September 5, 2019


Assad Hasn't Won Anything (Charles Lister, Jul. 11th, 2019, Foreign Policy)

When Syria is discussed these days, it is increasingly common to hear the phrase "Assad won," or "the war is coming to an end." Understandably so. Nearly two-thirds of Syria now lies under regime control. Since Russia's military intervention in Syria in September 2015, the opposition has not won a single major victory and lost the vast majority of its territorial holdings. In eastern Syria, meanwhile, the Islamic State's territorial caliphate was dealt its final defeat in the village of Baghouz in late March. To a large degree, the subject of Syria today has become one defined predominantly by debates over issues such as refugee return, reconstruction, whether to provide sanctions relief, and the question of whether to reengage with the regime.

For the regime's longtime defenders, this has been a moment to celebrate, to breathe a sigh of relief, and to intensify calls for the world to accept this new reality, end sanctions, and help Syria rebuild and restore sovereignty in all corners of the country. These calls are not new, but they are quietly garnering some traction among some influential observers and policymakers. For example, the Carter Center--founded by former U.S. President Jimmy Carter--co-hosted a meeting in April in London that discussed issues like "restoring territorial sovereignty" and "how to secure the removal of armed forces operating in Syria without the Syrian government's consent." That event's co-host was the British Syrian Society, a pro-regime group founded by Syrian leader Bashar al-Assad's father-in-law, Fawaz Akhras, a man who in 2012 was advising Assad on how to counter evidence of civilians being tortured. The society's current executive director also happens to be the brother of Syria's alleged chemical weapons chief.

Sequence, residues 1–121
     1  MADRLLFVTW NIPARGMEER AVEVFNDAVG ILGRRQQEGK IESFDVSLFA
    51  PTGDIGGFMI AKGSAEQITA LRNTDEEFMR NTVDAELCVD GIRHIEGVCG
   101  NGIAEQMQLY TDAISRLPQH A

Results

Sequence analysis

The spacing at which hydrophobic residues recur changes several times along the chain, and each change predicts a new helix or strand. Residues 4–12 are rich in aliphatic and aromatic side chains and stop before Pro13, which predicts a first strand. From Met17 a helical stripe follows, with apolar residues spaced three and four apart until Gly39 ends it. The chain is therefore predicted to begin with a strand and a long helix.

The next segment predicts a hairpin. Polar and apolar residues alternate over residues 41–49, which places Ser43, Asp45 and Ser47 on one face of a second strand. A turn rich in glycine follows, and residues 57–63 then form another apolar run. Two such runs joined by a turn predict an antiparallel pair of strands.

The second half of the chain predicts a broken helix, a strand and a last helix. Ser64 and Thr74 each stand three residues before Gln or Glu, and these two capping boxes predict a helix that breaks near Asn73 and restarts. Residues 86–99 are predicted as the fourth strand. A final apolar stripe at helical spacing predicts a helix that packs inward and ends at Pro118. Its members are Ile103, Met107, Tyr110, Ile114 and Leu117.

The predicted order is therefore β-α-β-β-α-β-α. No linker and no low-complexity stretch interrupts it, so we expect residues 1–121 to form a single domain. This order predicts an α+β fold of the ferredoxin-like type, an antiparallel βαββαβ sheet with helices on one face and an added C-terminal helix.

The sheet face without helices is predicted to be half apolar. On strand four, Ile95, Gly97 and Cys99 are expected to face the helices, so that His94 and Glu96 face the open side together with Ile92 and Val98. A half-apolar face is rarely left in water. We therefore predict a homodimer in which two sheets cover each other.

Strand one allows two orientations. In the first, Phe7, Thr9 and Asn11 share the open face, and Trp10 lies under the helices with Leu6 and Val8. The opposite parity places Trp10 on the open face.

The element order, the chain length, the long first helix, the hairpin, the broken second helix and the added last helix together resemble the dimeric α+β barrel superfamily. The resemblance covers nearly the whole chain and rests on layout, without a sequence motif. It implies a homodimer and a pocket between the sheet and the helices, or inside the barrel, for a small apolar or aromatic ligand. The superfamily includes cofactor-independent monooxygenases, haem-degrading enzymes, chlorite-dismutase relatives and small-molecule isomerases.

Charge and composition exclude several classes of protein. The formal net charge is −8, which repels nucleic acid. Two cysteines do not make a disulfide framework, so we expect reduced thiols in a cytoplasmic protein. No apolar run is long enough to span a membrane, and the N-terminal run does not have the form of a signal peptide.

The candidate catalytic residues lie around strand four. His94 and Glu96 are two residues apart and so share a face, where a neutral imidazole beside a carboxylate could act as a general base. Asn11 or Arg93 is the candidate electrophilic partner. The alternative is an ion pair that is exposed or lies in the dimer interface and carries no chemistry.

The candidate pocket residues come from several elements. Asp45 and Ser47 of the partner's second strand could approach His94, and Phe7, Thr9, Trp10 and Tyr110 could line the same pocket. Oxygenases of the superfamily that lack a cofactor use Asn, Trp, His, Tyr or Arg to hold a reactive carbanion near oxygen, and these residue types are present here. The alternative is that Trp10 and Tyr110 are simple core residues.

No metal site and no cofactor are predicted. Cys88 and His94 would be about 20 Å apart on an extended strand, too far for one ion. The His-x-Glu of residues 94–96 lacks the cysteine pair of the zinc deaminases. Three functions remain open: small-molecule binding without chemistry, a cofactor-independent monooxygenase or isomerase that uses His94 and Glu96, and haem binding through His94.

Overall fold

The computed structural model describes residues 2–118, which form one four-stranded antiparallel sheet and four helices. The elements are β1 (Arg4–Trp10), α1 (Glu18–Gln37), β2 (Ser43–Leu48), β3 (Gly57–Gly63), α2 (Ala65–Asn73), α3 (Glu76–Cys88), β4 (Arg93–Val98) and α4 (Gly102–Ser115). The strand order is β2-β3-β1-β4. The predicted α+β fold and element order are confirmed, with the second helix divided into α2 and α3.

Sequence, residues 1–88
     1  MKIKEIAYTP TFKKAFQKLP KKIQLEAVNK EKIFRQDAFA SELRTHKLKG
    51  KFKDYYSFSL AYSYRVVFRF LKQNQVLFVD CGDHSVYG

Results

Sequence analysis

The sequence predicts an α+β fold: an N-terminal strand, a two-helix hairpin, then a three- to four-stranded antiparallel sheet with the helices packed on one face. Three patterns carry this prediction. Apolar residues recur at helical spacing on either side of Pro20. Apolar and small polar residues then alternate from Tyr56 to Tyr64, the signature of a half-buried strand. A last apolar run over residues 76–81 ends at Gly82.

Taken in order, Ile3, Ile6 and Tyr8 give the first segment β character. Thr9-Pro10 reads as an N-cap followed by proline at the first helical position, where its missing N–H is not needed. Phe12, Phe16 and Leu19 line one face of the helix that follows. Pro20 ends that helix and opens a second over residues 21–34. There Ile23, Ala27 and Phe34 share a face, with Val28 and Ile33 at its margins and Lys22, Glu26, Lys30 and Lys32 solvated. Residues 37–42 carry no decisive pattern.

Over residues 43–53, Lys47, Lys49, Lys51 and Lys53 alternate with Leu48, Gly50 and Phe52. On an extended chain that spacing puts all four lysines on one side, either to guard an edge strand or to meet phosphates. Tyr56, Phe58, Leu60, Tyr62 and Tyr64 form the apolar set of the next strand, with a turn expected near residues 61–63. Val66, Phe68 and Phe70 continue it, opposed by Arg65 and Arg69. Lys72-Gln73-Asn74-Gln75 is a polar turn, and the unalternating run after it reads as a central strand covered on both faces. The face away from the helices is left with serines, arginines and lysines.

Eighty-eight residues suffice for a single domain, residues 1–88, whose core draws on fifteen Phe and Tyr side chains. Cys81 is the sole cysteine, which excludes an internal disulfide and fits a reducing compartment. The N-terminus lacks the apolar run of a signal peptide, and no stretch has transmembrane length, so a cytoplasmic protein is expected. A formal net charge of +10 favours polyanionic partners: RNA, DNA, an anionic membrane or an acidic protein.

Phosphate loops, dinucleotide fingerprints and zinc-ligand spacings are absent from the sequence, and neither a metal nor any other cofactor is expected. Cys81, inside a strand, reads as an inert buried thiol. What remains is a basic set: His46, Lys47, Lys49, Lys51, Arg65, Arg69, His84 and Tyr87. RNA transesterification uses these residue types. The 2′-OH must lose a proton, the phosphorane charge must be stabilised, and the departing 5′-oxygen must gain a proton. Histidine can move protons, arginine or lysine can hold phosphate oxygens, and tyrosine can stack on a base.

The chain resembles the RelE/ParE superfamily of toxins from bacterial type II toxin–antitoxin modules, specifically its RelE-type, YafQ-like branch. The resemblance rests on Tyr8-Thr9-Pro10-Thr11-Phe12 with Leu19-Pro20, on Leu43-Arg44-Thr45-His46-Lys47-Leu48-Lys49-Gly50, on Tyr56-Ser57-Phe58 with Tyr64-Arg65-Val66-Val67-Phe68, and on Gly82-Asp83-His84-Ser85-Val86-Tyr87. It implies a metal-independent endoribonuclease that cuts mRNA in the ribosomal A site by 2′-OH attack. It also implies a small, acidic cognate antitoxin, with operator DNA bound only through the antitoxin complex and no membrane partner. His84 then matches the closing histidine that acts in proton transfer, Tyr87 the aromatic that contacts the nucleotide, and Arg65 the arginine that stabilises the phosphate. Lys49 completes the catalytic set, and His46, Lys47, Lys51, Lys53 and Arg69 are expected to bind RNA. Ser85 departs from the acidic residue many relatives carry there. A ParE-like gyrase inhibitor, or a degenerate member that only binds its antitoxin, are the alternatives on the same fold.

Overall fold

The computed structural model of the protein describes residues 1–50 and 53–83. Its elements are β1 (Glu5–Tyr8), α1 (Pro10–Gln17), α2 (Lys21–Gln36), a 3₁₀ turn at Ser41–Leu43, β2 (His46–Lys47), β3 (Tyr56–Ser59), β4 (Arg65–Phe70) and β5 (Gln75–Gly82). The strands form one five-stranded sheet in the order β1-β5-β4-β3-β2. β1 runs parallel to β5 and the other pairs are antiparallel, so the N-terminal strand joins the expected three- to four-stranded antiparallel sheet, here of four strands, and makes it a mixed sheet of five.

There's just one problem: The Assad regime has not "won" anything. It has merely survived at the cost of Syrians' blood and fear; stability remains far out of reach. The last holdouts of opposition in the country's northwest seem intractable. Elsewhere in the country, there are plentiful signs of future instability. Syria is no longer in open civil war, but the country's political crisis is intensifying. The root causes that gave way to the uprising in 2011 remain in place--most are now even worse. Even in territories always held by the regime and populated by its most ardent defenders, life today presents more challenges than it did during the conflict's most intense days.

Meanwhile, we used him and Vlad to crush ISIS at no cost in American lives.  
Posted by at September 5, 2019 7:13 AM